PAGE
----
- Moreover when ye fast, be not, as the hypocrites, of a sad
- countenance: for they disfigure their faces, that they may appear
- unto men to fast. Verily I say unto you, They have their reward.
The World English Bible translates the passage as:
- “Moreover when you fast, don’t be like the hypocrites, with sad faces.
- For they disfigure their faces, that they may be seen by men to be
- fasting. Most certainly I tell you, they have received their reward.
For a collection of other versions see BibRef Matthew 6:16
Previously this chapter has discussed proper procedure for alms giving and prayer. In this verse Jesus moves on the third important form of Jewish worship: fasting. Fasting was an important part of piety in this period. All Jews were expected to fast on major holidays, such as the Day of Atonement, but some far more often, sometimes twice a week. Jesus' views on fasting parallels his views of other forms of worship. He decries those that make a public spectacle of their piety, and assures his followers that the reward for such worship is only public adulation, and God will give no reward for this behaviour.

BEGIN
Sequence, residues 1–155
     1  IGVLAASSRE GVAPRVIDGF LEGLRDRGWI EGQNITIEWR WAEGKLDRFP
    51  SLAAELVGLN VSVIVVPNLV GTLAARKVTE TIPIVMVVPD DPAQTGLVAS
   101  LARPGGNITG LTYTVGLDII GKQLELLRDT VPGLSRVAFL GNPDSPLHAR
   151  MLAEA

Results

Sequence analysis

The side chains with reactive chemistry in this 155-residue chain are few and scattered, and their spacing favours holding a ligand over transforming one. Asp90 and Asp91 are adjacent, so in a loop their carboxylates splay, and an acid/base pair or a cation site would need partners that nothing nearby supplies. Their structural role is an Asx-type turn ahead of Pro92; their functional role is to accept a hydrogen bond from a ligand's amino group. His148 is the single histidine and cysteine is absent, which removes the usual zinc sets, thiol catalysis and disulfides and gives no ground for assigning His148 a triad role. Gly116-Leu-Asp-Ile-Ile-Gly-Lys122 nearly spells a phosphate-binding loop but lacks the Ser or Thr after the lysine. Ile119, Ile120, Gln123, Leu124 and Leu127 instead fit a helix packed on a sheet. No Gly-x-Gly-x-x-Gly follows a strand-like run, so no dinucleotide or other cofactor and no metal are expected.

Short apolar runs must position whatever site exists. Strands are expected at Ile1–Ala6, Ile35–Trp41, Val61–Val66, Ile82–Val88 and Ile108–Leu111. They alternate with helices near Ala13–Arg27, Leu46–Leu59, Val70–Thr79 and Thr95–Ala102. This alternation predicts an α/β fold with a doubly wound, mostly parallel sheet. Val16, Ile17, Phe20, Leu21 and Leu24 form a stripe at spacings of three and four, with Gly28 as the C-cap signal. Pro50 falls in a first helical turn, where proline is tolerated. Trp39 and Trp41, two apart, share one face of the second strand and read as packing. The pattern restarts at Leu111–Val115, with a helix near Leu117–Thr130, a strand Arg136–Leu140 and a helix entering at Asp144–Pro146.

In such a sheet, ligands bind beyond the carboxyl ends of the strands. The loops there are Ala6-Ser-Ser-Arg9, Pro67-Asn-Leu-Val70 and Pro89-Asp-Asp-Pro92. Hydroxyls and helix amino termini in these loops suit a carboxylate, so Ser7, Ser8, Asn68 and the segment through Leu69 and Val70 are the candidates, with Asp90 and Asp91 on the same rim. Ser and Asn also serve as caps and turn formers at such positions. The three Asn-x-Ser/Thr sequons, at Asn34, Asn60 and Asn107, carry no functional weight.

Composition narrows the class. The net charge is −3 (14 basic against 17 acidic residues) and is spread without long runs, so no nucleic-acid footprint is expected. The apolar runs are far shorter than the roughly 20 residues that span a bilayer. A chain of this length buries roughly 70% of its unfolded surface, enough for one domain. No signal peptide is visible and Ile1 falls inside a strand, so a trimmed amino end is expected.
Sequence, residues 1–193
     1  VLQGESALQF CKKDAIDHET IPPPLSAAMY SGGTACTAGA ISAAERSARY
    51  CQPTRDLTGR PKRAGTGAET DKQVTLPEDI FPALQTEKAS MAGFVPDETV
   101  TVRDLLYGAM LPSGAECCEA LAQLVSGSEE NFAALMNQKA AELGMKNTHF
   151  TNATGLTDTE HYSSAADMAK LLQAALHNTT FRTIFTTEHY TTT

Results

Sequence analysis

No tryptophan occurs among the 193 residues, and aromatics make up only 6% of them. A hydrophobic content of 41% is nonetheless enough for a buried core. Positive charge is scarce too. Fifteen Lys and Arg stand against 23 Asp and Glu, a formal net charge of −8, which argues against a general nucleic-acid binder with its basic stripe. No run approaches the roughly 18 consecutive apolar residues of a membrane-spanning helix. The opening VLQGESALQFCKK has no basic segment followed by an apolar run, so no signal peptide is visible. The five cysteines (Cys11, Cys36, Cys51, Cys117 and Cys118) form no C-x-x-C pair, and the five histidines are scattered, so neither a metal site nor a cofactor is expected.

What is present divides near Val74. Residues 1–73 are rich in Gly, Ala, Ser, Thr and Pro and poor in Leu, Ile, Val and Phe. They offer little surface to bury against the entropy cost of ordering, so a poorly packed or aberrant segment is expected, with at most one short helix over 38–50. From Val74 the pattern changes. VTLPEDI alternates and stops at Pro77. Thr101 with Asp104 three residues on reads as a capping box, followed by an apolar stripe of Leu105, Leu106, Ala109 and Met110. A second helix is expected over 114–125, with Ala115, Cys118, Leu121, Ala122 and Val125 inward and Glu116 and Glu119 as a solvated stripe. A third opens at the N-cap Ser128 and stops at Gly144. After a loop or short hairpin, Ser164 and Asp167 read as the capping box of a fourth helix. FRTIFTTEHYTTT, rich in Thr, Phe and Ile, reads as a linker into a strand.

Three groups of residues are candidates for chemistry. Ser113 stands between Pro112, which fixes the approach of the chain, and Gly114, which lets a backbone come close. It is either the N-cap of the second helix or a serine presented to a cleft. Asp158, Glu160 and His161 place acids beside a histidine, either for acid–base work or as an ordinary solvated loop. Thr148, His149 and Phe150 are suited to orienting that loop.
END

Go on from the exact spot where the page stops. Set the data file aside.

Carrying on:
"Disfigure their faces" (aphanizo) literally means "make their faces invisible." It may refer to putting ash on the face to darken one's complexion and make sure that everyone around is aware that one is fasting. This may also reflect the original meaning of hypocrite as actor, as these fasters are putting on a show of suffering.
- France, R.T. The Gospel According to Matthew: an Introduction and Commentary. Leicester: Inter-Varsity, 1985. pg. 137
- Hill, David. The Gospel of Matthew. Grand Rapids: Eerdmans, 1981
- Morris, Leon. The Gospel According to Matthew. Grand Rapids: W.B. Eerdmans, 1992.
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